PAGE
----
rgba(255,255,255,1) 50%, rgba(255,255,255,0) 50%
),
linear-gradient(
-45deg,
rgba(255,255,255,1) 50%, rgba(255,255,255,0) 50%
);

Perhaps an easier way to visualise this issue is with a gif animation below. You can see that the building block of the jagged edges is made up from two horizontally-mirrored triangles. They are created by specifying a linear gradient starting from the top left and right respectively, with two colour stops at the 50% mark.

A gif animation showing the building block of the top jagged edges.

After the basic building block has been made, we declare it’s background size and allow it to repeat along the x-axis. Also, we want to make sure that the position of the jagged edges are horizontally centered. This is done by manipulating the background-size, background-repeat and background-position properties respectively, as enumerated below:

background-position:
/* Top jagged */
top center, top center,
/* Bottom jagged */
bottom center, bottom center;
background-size:
/* Top + bottom jagged */
0.75rem 0.75rem, 0.75rem 0.75rem,
0.75rem 0.75rem, 0.75rem 0.75rem;
background-repeat: repeat-x;

The reason why I chose not to declare a universal background-size is because we still have to add one more gradient later, which will have a different size. In the case of non-uniform CSS properties like this, you will have to specify the individual values for each, comma-separated of course.


Other gradients: Drop shadow

If you want to add a drop shadow to the jagged edges, you can do it by generating a top and bottom vertical gradient. This should be appended to the background-image property. If you don’t and declare a new backgrond-image property, CSS will work as it is intended (cascading, that is), which will overwrite all your previous background image declaration and only honouring the last occuring instance.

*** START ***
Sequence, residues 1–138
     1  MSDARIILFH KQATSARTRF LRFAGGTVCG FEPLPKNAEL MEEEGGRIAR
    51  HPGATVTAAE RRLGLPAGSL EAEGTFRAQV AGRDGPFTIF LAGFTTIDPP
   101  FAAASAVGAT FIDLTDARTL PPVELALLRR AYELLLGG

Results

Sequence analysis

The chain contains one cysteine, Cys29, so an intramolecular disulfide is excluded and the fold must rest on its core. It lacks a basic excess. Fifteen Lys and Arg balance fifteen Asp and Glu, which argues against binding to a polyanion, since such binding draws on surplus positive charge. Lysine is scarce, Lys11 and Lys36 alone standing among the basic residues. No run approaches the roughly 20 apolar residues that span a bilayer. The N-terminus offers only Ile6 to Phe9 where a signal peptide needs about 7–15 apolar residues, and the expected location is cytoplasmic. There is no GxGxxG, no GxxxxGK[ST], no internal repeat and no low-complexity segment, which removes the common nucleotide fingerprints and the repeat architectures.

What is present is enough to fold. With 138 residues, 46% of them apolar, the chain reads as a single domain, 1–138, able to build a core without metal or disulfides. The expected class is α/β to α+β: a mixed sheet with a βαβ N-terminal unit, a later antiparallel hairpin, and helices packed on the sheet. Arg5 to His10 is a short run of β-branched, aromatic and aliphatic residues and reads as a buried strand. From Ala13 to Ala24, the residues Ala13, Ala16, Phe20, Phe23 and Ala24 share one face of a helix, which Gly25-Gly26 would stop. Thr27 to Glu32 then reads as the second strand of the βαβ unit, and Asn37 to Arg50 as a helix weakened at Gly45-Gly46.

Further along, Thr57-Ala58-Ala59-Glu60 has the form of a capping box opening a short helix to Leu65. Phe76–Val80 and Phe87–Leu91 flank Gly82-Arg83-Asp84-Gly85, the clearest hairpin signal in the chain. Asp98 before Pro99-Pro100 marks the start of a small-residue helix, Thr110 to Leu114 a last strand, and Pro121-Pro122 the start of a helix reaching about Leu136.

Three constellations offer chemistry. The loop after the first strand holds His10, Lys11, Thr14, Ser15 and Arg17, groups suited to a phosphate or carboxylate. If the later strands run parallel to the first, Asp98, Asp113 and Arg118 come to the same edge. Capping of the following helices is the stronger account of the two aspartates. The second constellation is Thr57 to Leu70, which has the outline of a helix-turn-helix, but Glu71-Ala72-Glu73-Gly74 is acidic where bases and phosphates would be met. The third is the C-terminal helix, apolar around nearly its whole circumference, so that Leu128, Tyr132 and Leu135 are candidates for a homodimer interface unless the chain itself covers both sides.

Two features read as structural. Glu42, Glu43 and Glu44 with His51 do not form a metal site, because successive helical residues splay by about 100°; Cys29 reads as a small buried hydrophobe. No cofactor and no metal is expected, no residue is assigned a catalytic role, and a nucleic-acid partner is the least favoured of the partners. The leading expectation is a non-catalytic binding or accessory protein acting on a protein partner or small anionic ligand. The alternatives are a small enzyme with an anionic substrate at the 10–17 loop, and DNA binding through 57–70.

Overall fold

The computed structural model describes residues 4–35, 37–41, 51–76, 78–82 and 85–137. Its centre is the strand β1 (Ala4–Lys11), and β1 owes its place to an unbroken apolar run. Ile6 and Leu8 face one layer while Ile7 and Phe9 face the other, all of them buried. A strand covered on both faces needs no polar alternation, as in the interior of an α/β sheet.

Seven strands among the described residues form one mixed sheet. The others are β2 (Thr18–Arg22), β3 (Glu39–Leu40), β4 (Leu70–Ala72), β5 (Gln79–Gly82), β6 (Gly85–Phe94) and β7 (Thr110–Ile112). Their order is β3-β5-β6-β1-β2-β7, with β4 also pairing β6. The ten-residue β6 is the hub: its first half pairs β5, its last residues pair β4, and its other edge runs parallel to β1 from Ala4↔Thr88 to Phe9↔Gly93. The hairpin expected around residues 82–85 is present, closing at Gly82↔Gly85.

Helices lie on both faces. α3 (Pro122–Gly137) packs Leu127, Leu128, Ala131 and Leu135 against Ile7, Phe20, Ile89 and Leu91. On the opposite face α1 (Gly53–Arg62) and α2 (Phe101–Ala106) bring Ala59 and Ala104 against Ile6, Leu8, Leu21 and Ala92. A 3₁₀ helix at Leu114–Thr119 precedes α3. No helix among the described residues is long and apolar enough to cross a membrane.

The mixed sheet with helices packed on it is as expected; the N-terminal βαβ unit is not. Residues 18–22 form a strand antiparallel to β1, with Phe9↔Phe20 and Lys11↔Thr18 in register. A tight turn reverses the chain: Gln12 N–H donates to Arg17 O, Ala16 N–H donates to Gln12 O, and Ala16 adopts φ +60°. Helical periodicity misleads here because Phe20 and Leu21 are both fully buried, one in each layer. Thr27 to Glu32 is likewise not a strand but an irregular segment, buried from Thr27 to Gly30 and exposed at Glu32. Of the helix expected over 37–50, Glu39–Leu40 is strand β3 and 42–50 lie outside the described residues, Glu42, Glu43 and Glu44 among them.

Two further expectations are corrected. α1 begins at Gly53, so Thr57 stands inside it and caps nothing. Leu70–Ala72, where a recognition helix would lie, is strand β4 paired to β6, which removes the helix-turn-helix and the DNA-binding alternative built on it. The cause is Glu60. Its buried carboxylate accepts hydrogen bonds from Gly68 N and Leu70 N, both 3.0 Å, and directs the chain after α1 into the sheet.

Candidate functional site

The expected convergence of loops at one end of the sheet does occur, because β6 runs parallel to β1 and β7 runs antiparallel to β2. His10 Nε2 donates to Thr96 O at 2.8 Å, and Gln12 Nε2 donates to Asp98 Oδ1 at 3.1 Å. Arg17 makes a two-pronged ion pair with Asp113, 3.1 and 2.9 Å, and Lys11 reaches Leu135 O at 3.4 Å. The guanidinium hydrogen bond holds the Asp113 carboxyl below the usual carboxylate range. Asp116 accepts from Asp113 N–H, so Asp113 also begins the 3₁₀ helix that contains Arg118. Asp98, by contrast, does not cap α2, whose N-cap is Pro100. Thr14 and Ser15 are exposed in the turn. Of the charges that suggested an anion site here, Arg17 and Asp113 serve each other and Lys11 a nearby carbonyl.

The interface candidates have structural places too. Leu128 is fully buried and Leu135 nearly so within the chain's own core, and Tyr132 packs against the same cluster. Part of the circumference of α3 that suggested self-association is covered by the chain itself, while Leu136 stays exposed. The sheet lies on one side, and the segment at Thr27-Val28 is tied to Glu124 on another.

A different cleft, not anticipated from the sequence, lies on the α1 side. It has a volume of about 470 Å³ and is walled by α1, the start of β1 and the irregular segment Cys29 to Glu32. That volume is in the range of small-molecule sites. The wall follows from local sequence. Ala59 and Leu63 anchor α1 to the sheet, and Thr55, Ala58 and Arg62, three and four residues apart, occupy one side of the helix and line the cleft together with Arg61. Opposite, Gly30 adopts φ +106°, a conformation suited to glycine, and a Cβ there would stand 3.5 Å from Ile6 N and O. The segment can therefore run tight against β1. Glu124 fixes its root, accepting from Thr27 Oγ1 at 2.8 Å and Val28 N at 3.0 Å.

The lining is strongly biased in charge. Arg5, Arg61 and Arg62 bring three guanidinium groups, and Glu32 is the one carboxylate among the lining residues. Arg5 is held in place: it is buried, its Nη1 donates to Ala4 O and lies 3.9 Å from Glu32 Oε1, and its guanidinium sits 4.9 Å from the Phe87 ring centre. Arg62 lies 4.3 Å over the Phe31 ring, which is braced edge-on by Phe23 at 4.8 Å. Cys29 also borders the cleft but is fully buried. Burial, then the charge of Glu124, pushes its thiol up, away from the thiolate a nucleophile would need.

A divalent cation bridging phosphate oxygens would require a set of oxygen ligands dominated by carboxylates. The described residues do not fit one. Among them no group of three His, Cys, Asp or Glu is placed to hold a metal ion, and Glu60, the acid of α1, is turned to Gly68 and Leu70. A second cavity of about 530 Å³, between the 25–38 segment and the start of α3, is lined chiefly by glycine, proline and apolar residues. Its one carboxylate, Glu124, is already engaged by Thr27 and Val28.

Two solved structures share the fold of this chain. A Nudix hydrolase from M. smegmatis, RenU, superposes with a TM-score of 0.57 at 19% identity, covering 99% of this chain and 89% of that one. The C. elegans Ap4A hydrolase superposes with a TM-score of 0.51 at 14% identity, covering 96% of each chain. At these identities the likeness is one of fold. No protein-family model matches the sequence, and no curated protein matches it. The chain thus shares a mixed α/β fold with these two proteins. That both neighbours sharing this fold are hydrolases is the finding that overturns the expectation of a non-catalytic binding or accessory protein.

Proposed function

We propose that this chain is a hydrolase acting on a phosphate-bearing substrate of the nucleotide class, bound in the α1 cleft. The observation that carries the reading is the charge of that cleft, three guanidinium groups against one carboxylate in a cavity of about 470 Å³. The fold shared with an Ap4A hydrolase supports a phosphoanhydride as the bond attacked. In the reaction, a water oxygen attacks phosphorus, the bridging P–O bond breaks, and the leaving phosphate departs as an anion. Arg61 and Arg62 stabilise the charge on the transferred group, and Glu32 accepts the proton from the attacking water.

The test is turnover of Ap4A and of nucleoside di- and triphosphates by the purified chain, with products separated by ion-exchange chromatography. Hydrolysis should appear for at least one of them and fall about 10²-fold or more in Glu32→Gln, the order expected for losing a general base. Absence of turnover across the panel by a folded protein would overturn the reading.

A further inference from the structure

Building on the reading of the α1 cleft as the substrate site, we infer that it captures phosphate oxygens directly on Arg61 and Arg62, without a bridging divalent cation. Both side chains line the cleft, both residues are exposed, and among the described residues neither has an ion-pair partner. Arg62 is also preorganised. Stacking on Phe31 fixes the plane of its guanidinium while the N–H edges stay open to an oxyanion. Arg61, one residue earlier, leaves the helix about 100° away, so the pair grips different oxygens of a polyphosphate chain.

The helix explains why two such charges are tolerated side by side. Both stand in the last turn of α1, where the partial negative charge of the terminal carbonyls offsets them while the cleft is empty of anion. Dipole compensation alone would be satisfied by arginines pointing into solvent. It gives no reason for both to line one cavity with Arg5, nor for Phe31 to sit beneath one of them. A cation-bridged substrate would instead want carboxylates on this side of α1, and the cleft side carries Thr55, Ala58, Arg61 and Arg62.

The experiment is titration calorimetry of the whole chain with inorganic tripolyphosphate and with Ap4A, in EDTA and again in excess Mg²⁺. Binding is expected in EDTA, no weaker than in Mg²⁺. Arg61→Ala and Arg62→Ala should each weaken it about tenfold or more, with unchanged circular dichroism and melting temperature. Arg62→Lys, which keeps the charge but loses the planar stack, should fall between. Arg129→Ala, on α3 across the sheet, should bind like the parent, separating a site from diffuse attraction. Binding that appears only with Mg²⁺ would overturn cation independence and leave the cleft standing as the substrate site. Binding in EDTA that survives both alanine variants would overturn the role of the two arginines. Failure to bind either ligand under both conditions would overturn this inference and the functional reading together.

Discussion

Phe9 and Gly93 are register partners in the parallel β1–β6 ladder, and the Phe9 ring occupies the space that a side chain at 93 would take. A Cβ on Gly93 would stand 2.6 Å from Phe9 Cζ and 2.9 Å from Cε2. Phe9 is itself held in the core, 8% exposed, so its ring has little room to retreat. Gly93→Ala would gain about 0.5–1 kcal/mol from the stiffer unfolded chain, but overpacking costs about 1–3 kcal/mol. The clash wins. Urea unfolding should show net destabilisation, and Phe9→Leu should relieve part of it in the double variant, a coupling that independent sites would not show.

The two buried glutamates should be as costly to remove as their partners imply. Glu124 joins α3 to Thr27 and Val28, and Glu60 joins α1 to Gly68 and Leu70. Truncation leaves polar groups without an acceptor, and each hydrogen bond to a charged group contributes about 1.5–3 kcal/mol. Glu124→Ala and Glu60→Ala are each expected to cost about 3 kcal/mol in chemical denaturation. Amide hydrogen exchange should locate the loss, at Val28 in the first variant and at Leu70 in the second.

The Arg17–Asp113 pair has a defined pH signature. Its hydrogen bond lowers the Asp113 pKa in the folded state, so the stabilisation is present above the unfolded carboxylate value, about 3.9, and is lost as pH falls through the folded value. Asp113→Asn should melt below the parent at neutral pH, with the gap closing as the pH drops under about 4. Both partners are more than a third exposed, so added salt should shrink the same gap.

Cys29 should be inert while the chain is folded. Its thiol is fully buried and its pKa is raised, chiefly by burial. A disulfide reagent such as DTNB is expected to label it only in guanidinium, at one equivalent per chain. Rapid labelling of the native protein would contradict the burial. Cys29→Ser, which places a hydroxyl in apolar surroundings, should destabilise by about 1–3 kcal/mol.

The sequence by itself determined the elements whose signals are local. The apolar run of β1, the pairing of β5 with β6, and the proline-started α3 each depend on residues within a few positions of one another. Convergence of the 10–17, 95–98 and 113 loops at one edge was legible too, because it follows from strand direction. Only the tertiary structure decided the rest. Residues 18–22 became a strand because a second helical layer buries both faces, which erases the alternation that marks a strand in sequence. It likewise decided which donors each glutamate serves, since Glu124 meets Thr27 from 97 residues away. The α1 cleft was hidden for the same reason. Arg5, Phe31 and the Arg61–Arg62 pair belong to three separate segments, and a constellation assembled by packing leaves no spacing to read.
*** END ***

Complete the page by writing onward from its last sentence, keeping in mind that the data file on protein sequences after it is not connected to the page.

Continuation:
/* Top and bottom fade */
linear-gradient(
180deg,
rgba(0,0,0,0.5) 0%, rgba(0,0,0,0) 100%
),
linear-gradient(
0deg,
rgba(0,0,0,0.5) 0%,
rgba(0,0,0,0) 100%
);

For other background properties, you should do the following:

  • For background-position, it should be “top center, bottom center”
  • For background-repeat, it does not matter. The “repeat-x” value will be inherited by all background images.
  • For background-size, you should specify full width with a height you desire, which determines how far the shadow will stretch, e.g. “100% 1.5rem”.

Other gradients: Vertical grey bars

The vertical grey bars can be created by simply specifying a horizontal linear gradient, as seen below:

/* Vertical grey bars */
linear-gradient(
90deg,
rgba(200,200,200,1) 2%, rgba(200,200,200,0) 2%,
rgba(200,200,200,0) 97%, rgba(200,200,200,1) 97%
)

Again, you should append this to the background-image property. Also, it’s position and size will be different:

  • For background-position, it should be “top center” or “center center” (does not matter since you will set its size to “cover” later)
  • For background-repeat, it does not matter. The “repeat-x” value will be inherited by all background images.
  • For background-size, it should be “cover”

And you’re done!


You can refer to the demo hosted on CodePen to check out the versatility of this technique.

Have you come across other good examples of CSS gradients being used? Do leave a note here.